“Changing Faces of Maitlia” is the name chosen by Maitlia Potters to celebrate their 40th birthday. A number of events have been planned for August to recognise this achievement.
Maitlia Potters was formed in 1977 by a group of people who were the students of Mr. Ted Meredith, a well- known Maryborough potter. The word “Maitlia” is an aboriginal word for clay. The group originally met weekly at each other’s homes transporting their pottery wheels in the boot of their cars. As new members joined, the more experienced members helped the new comers.
In 1984 we took a courageous step and purchased a property in Albert Street, Maryborough. We became incorporated and began the business known as Bottlebrush Crafts. Craft classes in appliqué, patchwork, sketching, floristry, pottery and sculpture were offered and proved very popular. Children’s classes in pottery and sketching were always in demand. Exhibitions promoting the work of talented artists and craftspeople of the area were arranged and over the years saw some wonderful displays of quality hand-crafted items.
Seminars and workshops with recognised highly qualified tutors were periodically arranged to allow members to improve their skills and keep abreast of the latest trends. Getting out and about in the community, displaying and demonstrating at events and functions whenever possible was and still is an important function of the group. The teaching of pottery to the very young and the aged remains a priority.
In 2007 we moved to 30 Ferry Street and now we have eight groups meeting to exchange experiences. This is a major part of our operation. Even though the group was originally formed as a potters group, amendments to the Association rules allow all people interested in art and craft to apply for membership. We are a not for profit organisation committed to promoting the growth and development of arts, craft and pottery in the Maryborough area.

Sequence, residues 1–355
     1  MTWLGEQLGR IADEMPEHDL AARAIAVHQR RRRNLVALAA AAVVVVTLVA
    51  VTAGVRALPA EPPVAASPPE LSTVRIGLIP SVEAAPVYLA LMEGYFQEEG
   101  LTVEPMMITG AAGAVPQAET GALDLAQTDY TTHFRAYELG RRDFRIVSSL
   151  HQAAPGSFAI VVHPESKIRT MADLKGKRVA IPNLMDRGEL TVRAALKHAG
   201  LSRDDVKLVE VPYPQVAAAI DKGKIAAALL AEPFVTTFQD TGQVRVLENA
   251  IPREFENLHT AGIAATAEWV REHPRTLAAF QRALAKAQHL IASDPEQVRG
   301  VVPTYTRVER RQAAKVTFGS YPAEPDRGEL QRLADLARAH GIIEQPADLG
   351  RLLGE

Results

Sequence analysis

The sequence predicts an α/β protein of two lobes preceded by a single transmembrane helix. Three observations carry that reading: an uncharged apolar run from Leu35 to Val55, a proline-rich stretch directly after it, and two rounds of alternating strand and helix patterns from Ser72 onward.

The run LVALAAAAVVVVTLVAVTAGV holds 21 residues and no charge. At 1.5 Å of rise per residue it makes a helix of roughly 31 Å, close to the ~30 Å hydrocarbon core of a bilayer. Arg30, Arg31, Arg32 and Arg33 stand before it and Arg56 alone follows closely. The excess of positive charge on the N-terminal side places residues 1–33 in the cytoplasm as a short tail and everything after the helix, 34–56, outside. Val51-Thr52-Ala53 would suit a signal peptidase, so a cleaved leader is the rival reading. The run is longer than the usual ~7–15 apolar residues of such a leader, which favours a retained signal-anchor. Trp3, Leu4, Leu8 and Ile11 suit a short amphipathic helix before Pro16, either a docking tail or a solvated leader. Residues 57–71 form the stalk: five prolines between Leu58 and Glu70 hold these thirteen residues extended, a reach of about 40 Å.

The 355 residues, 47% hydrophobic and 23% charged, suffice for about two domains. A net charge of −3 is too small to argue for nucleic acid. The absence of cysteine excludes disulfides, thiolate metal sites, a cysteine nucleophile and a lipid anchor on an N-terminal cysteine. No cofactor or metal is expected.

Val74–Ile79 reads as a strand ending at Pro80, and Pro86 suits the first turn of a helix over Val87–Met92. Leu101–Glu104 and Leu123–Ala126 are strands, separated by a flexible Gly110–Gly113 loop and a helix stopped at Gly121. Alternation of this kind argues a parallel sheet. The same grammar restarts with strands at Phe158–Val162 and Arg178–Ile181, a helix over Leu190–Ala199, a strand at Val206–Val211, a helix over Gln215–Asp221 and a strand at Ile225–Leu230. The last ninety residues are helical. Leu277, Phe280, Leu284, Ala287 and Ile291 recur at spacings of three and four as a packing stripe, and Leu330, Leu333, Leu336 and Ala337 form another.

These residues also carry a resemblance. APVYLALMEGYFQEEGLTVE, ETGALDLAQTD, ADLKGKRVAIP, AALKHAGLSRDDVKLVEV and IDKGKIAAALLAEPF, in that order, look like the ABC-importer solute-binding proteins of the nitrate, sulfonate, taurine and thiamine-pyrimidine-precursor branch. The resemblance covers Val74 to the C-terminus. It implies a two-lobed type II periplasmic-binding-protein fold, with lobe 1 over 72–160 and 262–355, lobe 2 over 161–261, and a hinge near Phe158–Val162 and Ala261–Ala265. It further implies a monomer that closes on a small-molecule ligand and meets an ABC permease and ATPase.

Fund raising is always a necessary part of any organisation. Over the years our winter soup nights have become legendary. The members provide a range of tasty soups and bread, and guests are able to choose a handmade pottery soup bowl from which to eat their soup and keep them as a memento of the evening.
It seemed appropriate that in celebrating our 40th birthday we should have a gala exhibition showcasing the work of not only our members and past members but the groups who meet at Bottlebrush Crafts. This exhibition will be officially opened on 5 August at 3.30pm at Gatakers Artspace in Maryborough. Those groups represented will be Heritage City Porcelain Painters, Fraser Coast Lace Makers, Merry River Social Art Group, Sew Wednesday, Dolls with Attitude, Card Makers, Spinners, Weavers and Dyers of Maryborough, Mudlarks Sculpture Group and Maitlia Potters. We are grateful to Regional Arts Development Fund for the assistance afforded to us in this birthday celebration project.
Maitlia Potters has grown from humble beginnings to what it is today. Our face over 40 years has changed and to celebrate this, we are conducting a mask competition which is open to adults and children of the area. The closing date for this is 12 August and entries must be received at Bottlebrush Crafts, 30 Ferry Street by this date. There will be a Mask Exhibition wine and cheese opening and presentation of prizes at Bottlebrush Crafts on 18 August at 6.00pm. On 19 August also at Bottlebrush Crafts, we will be holding an Open Day. Craft groups such as the China Painters, Potters, Sculptors, Lace Makers, Merry River Painters, Doll makers, Spinners and Weavers and Card Makers will be demonstrating their crafts between the hours of 9.00am and 3.00pm.
Members, past and present will have the opportunity to get together and reminisce about past experiences at a birthday dinner to be held on 5 August. It is hoped these events throughout August will not only be a celebration of past years but a chance to encourage people in this community to try a craft. Hobbies can be not only relaxing but bring great pride and satisfaction when a project is completed. – Story by Carolyn Burns